Magnitude scales (historical)

Affiliation
American Association of Variable Star Observers (AAVSO)
Sat, 05/07/2022 - 20:32

     While collecting archival photometry especially from the 19th Century, it's occurred to me to wonder how the (purely visual) magnitude scale was extended beyond the naked-eye limits as commonly-available telescopes became progressively larger.  Yes, I know that the scale (in terms of flux) was poorly defined.  And even after the gradual adoption of the Pogson scale, there remained substantial scale errors at the faint end well into the 20th Century until photoelectric photometers became available attached to big telescopes.

     The specific case example is R CrB, which folks observed regularly near maximum at roughly mag 6, but saw of course that it more-or-less disappeared during the deep obscuration events.  By roughly 1850 people were following it to what was claimed to be mag 12 or 13, but what sorts of reference were used to establish this?  Could it have been rather fainter?  (No Landolt standards!)  Some decades later one had Zollner-type (polarizing) visual  photometers, where one could get a start on extending the magnitudes beyond the BD (which has its own scale error at the faint end), but the need was surely felt well before then, like the 1820s and 30s.  What did observers do?  What I'm hoping to find is some papers where someone pondered this, or a series over many years where this got worked out by the community.  Just now, I think there could be some details about this in the old 'Handbuch der Astrophyzik', which luckily we have in our library, but will have to check this another day.  Any other other leads will be welcome.

\Brian

Affiliation
None
visual magnitude scale

Hi Brian,

To the best of my knowledge, until the wedge and prism photometers came into use around 1850, the faint end of the magnitude system was an extrapolation of the naked-eye system.  The BD, for example, assumed that the faintest stars visible in their telescopes were about magnitude 9, and interpolated from there to the faint end of the naked eye sequences.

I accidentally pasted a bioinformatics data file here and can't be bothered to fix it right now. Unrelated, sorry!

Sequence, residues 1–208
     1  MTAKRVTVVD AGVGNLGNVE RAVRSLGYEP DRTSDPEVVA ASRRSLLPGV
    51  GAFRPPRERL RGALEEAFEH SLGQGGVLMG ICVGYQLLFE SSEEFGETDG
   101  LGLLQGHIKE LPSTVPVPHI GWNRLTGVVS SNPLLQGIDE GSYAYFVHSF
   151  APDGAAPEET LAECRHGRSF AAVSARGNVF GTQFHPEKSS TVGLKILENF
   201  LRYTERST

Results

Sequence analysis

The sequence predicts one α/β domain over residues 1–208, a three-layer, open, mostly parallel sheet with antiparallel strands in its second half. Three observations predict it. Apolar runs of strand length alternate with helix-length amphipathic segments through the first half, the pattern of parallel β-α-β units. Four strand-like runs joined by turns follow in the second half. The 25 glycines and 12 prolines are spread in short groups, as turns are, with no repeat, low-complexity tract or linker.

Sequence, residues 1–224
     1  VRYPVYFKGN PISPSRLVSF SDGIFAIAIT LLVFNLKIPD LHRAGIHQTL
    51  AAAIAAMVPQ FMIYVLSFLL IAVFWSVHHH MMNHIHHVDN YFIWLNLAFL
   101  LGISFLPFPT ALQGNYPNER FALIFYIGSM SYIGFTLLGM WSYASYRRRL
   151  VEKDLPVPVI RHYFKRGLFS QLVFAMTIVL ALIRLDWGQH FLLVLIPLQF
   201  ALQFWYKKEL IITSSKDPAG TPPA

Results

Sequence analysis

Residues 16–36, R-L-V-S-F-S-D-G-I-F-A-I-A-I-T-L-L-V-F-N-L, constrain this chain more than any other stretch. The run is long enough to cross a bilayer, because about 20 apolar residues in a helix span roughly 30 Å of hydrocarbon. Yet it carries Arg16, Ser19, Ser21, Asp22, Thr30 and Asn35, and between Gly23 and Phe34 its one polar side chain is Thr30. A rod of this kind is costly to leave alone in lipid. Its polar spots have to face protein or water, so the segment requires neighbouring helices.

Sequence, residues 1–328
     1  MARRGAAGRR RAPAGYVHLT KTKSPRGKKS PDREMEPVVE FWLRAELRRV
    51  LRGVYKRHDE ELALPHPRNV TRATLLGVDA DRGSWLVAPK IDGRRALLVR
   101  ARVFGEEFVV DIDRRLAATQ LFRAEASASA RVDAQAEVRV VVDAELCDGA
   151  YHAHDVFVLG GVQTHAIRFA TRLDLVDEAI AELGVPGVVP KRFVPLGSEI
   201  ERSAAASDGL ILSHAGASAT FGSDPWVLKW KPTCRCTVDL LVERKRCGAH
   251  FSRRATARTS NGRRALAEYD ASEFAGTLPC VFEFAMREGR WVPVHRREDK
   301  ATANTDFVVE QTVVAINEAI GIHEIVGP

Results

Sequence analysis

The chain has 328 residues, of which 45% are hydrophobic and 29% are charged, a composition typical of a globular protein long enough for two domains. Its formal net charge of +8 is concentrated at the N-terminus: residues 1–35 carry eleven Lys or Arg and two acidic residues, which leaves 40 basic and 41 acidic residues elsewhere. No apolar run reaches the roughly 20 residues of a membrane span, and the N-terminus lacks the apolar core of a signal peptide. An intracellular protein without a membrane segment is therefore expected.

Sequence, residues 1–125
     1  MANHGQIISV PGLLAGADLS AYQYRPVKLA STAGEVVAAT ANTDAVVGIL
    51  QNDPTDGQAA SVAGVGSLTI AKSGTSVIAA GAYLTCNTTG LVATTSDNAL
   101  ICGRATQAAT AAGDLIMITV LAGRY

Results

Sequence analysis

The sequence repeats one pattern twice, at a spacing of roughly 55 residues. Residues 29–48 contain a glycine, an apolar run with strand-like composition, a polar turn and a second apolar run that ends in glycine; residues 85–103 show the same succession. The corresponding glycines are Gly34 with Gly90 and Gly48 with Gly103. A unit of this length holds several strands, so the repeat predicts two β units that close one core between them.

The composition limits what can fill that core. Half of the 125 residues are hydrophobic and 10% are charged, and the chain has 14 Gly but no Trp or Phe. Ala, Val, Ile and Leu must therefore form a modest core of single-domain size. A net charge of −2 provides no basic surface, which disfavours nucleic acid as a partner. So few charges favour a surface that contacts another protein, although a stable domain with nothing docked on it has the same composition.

A good reference for early work is John Hearnshaw's book, The Measurement of Starlight.

Arne

Affiliation
American Association of Variable Star Observers (AAVSO)
visual magnitude scale

     Thanks for these added points.  From my collecting of a fair amount of the old data into machine-readable form, it seems that the various visual photometers were not common, and most folks worked with the traditional Argelander method.  Starting in the 1890s John Parkhurst, working at Yerkes, used a Pickering-wedge type photometer to measure comp stars, but only occasionally used it on the Miras he followed:

https://ui.adsabs.harvard.edu/abs/1906rspd.book.....P/abstract

These data are in the AID without any zero-point or scale correction, and I think he ended up with a significant scale error at the faint end despite his efforts to avoid it (he was going fainter than he thought).

Similarly the heroic observer George van Biesbroeck did mostly visual step-estimates in the large variable-stars monograph here:

https://ui.adsabs.harvard.edu/abs/1914AnOBN..13..175V/abstract

(mostly unreduced, so it is a difficult dataset, but data for R CrB _are_ reduced to magnitudes, which I have keyed-in)

     It looks as though there's a Handbuch der Astrophysik monograph (200+ pages auf Deutsch) by Hassenstein about visual photometry.  I'll be able to look at that on Monday in our library.

\Brian